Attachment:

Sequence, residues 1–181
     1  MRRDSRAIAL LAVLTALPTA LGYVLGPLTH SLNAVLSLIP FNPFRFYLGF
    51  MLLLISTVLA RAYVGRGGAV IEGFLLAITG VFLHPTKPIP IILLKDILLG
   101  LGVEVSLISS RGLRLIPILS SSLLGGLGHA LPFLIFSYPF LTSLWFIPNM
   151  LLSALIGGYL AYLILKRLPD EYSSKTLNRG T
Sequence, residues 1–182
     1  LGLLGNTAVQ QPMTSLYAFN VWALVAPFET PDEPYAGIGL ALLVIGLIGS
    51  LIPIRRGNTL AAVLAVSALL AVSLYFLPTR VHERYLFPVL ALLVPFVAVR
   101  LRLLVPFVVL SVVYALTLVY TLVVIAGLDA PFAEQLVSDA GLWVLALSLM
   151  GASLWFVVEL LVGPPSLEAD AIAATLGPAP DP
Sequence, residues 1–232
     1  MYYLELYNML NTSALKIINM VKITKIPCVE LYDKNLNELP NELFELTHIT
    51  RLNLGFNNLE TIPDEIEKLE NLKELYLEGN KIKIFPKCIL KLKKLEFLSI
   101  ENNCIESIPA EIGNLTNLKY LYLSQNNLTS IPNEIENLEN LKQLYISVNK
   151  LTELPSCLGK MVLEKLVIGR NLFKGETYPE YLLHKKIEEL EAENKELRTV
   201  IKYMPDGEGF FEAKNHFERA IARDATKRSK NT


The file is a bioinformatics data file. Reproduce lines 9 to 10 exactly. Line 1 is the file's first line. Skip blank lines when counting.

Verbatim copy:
   101  LRLLVPFVVL SVVYALTLVY TLVVIAGLDA PFAEQLVSDA GLWVLALSLM
   151  GASLWFVVEL LVGPPSLEAD AIAATLGPAP DP